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Local veteran steps into the past

Alicia Knadler
Indian Valley Editor


Indian Valley parade announcer for more than 60 years, Joe Knadler recently stepped into his past as a sailor in the U.S. Navy.

The occasion was an escape from mothballs for his old battleship, the USS Iowa.

He first set foot on her deck in Brooklyn during 1942, when he was a young electrician’s mate with two years experience on a cruiser, the USS Nashville.

While the Nashville was sold off and scrapped long ago, the Iowa was recommissioned for service two more times: for service in the Korean War and again during the Cold War.

During Knadler’s service on board, he helped install an elevator and call buttons for the use of President Franklin Delano Roosevelt.

The president traveled on the Iowa with top military brass across the Atlantic to the Tehran Conference.

Knadler served on the ship during the following action in the Pacific, including participation in Operation Hailstone, in support of air strikes on the Japanese naval and logistics base in Truk.

Her crew was also involved in anti-shipping strikes aimed at enemy vessels escaping to the north, where the light cruiser Katori was sunk with help from the crew of the Iowa’s sister ship, the USS New Jersey.

While the crew of the Iowa worked to protect aircraft carriers, they also helped to bombard enemy installations and ammunitions on Saipan and Tinian.

The Pacific Battleship Center, a nonprofit organization headed by one of Roosevelt’s grandsons, is the new owner of the “Big Stick,” through donation from the Navy.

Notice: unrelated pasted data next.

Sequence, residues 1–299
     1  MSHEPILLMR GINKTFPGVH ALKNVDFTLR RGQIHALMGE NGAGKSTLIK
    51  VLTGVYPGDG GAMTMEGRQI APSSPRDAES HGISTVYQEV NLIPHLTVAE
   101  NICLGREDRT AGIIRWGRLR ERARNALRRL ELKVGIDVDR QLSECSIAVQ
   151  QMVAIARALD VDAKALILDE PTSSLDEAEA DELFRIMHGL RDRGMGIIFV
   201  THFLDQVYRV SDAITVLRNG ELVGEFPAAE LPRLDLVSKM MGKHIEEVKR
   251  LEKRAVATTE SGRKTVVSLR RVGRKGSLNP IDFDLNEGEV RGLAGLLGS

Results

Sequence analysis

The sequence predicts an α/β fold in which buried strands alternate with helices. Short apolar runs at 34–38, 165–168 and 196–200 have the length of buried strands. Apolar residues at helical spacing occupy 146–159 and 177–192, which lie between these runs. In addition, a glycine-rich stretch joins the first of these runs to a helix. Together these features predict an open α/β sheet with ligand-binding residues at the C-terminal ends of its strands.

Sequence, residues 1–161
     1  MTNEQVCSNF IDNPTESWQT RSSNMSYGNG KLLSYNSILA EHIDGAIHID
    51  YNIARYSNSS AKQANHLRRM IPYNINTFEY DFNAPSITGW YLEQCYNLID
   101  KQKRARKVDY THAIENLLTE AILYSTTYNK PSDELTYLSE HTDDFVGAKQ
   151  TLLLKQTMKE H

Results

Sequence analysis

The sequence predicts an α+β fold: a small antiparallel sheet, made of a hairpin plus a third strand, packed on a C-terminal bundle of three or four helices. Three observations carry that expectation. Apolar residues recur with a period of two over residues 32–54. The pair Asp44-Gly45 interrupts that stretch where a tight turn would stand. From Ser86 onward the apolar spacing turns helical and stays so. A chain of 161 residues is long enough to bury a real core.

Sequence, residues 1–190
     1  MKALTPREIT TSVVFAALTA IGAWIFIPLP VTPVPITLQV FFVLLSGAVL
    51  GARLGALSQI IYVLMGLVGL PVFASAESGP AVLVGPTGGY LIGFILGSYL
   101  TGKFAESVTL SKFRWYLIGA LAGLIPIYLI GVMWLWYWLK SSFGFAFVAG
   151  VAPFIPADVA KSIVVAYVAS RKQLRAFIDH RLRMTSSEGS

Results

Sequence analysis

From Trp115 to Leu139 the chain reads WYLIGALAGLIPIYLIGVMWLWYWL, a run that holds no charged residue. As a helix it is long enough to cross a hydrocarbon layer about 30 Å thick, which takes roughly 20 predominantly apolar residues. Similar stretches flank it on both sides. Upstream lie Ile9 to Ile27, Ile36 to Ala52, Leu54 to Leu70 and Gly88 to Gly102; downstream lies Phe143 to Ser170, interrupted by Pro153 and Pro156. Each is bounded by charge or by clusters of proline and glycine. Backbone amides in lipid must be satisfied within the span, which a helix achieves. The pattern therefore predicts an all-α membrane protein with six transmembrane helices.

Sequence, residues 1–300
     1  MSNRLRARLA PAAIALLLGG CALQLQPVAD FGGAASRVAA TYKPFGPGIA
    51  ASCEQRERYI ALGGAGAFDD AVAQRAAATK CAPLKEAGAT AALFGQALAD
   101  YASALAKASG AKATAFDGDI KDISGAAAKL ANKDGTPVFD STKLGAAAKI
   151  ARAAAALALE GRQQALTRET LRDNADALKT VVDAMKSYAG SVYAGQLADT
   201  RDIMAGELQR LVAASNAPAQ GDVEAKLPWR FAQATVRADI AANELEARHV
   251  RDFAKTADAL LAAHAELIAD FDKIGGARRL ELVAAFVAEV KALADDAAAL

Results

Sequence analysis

She was towed out of the ranks of the reserve — or mothball — fleet Oct. 27, after only a few short weeks of preparation.

Her permanent home will be in the Port of Los Angeles, near the cruise ship terminals in San Pedro.

Over pancakes the first morning of the move, Knadler was expecting to watch the move from the shore with the aid of binoculars, a spotting scope and his grandson as navigator.

But then came the lucky call to Bay View Charters, just to ask if they had an unscheduled trip out to the mothball fleet.

Yes, they did, and Knadler dropped his fork and stood up, his pancakes half-eaten.

His age-weakened eyes were able to see the move up close with the help of captains Howard Williams and Charlie Wilson.

They plied him with some top-shelf Scotch while he regaled the photographers on board with stories from his years in the Navy and Navy Reserves from 1940 to 1952.

His favorite stories were not of battles, though; they were about the girls he met and the fun times he and the other “dogs” had.

The “dogs” were a group of electricians who strived to be the first men off the ship when it reached port, and the last ones back on.

He saved an issue of the USS Iowa Times, a shipboard publication that featured a sketch of a canine companion one left behind.

Almost all of the “dogs” autographed it for him before he left Iowa’s decks 67 years ago — or her bilges anyway.

That’s where he spent most of his time working: in the after-diesel area, where it was always warm, even in Newfoundland.

The ship is temporarily berthed at the Port of Richmond, where volunteers are scrambling to scrape off the rust and give her a fresh coat of paint.

The radar array and other structures removed to fit her under the bridges between Benicia and Richmond will be reattached as well.

For more information about the USS Iowa, or to support her becoming a museum and a memorial as the last of the available battleships, visit or call president Robert Kent at (877) 446-9261.

To read a story about the USS Iowa in USA today, click this link:

Disclosure: Reporter Alicia Knadler is Joe Knadler’s wife.

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